And yet, on a daily basis, we are still telling them "Shut the Refridgerator Door!"  "Turn Off the Lights when You Leave the Room!"  "Don't Leave the Computer Running All Night!" or the frustrated but perhaps dangerous question of "Why Does it Take You 30 Minutes of Running Water to Take a Shower?"

Maybe it's different at your house.  But for many of us, our children's grand rhetoric for saving the planet doesn't match up with their everyday life habits.  Of course, that's really true for most of us adults as well...

In H2O, the students have been studying ocean science and math since September.  We decided to hone in on coral conservation because coral reefs are really the marine equivalent of rain forests.  Although coral reefs only make up about 0.1% of the oceans, they are home to approximately 25% of all marine life!  Also, corals take a long time to grow, so our damage to reefs that may be hundreds or thousands of years old can not be replaced within many of our human generations.

But what to do that would make a difference?  There are already tons of books and videos and ads and educational resources on this issue, but people continue doing what they've always done.  As parents, we've trying nagging, threatening, bribing, begging, and everything short of bloodshed, and yet...we, too, are largely ineffectual.  So we needed to come up with something else, something new.

And then we had a brainstorm.  Instead of using guilt and threats and dire warnings of environmental catastrophes, what if we made saving the coral reefs fun?  What if we made it....into a game?

In approaching it this way, we were influenced by the work of Jane McGonigal, whose work is summarized in a video I included in an earlier post.  Her video on that page, a TED talk on how "Gaming Can Make a Better World," is a synopsis of her wonderful book, Reality Is Broken:  Why Games Make Us Better and How They Can Change the World.  In short, she argues that time people spend on video games actually helps them develop positive characteristics (such as working hard, cooperation, and optomism), and explores how to structure games so that we can channel all the time people spend playing games into social activism games that will help solve Earth's real-world problems.  It is a fascinating and inspiring book, and I recommend it highly.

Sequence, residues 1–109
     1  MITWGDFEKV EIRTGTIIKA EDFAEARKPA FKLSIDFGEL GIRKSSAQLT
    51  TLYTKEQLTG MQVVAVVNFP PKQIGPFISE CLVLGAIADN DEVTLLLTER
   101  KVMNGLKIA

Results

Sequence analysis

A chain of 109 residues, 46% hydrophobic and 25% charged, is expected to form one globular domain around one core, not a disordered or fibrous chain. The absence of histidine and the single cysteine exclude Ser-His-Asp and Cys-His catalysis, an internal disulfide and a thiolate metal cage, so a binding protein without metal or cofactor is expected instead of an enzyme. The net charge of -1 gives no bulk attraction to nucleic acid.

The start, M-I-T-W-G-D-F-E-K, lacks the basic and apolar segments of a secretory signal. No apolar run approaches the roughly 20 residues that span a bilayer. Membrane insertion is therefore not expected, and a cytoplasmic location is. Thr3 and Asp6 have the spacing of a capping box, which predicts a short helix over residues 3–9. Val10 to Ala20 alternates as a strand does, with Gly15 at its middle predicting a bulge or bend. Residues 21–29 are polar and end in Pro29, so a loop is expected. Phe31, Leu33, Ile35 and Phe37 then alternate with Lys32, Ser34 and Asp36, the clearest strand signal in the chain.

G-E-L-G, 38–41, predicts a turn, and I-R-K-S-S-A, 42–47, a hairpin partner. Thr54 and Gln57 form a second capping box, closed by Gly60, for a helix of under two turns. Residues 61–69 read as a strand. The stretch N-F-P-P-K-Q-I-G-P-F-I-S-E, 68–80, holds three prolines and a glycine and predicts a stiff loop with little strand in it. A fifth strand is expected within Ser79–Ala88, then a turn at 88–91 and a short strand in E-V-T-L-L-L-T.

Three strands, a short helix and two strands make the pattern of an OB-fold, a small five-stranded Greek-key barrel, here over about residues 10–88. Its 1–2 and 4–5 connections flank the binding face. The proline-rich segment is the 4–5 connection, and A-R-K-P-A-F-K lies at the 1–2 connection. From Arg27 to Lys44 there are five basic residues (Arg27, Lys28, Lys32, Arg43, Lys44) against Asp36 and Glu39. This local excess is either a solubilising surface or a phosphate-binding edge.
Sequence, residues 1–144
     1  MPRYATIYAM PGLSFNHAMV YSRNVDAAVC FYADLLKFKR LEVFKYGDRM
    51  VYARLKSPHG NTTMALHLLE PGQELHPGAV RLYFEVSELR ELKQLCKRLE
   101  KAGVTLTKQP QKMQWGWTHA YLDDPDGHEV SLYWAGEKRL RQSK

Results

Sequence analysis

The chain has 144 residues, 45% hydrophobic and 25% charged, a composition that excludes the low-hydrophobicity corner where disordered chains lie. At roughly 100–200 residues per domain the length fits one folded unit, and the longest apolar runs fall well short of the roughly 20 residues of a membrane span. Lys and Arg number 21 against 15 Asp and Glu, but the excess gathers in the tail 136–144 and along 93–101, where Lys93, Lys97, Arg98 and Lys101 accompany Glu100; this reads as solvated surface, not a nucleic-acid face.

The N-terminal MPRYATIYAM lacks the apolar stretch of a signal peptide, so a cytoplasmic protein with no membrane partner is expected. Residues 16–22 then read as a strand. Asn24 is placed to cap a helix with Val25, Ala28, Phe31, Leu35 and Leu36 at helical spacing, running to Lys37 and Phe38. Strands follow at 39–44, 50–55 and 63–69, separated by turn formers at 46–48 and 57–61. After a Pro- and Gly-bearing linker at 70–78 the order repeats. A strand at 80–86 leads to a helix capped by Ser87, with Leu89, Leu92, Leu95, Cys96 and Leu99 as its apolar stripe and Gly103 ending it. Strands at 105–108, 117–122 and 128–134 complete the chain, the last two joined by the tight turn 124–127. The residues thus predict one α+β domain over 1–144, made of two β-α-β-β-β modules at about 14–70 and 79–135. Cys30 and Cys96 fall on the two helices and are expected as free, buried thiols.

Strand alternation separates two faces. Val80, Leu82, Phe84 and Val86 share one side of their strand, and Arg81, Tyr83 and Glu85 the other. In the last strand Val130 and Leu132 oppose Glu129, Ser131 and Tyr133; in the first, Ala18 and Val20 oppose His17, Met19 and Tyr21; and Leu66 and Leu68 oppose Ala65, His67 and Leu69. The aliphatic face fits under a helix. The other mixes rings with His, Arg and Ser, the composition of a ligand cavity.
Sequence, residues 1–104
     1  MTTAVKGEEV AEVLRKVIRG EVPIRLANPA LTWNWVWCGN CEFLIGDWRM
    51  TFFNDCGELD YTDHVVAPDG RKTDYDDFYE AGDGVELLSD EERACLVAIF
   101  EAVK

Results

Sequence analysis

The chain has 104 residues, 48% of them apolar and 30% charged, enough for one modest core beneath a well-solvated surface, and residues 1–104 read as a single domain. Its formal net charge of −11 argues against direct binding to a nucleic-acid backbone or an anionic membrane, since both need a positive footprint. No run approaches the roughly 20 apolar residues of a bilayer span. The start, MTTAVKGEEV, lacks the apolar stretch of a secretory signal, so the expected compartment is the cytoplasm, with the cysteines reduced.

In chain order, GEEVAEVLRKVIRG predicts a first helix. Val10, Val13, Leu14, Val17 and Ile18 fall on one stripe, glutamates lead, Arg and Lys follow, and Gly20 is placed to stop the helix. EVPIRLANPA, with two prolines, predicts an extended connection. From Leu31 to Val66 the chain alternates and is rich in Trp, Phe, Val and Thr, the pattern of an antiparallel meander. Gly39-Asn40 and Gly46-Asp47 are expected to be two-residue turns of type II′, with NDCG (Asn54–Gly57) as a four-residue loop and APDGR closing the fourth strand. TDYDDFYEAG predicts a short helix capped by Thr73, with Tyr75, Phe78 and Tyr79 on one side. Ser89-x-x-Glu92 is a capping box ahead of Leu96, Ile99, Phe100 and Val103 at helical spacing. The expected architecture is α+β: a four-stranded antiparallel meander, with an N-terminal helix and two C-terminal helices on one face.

So, in short, that is what we are trying to do with this game.  First, the game will teach students (and adults as well) the real science behind food chains and interlocking ecosystems in the coral reefs.  We think this is important because we think if people knew more about all these fascinating creatures, they would love them, and we take care of the things we love (for more of our philosophy on that, read the Family Educators Commons article that Maria Droujkova and I co-wrote on the Shareable website).  But secondly, we will build into the games a way for them to earn (or lose) points based on their actions in real life.  You insist that I drive you to the library?  You lose 5 points.  You walk or ride your bike there yourself?  You gain 5 points.  You stand there with the refridgerator open as you drink your water/milk/juice?  You lose 3 points.  You close the door and drink it at the table?  Well, I don't know that we'll give you points for that, since that should be normal behavior, but at least you won't lose points.  You keep your showers under 10 minutes?  You get 2 points.  You keep your showers under 5 minutes?  You get 5 points.

You get the idea.

Anyway, we think this game has the potential to give kids incentives for to change those behaviors that we parents have been nagging them about for years, but to no avail.  If we all make those small changes, maybe they won't completely solve the problem, but they will make things better.  And making things better is something that can make us all feel good.

If you would like to be a part of helping to make this game happen, then please visit our Cards, Coral & Kids campaign.  For a small donation, you could get a deck of the cards before they are released to the public, participate in our pilot trials and research project, or even give input into the cards themselves!  Also, please spread the word about this idea to all your social media networks, email loops, and friends and family.  Getting the funding we need to develop the game requires reaching lots of people, so anything you can do to help is greatly appreciated!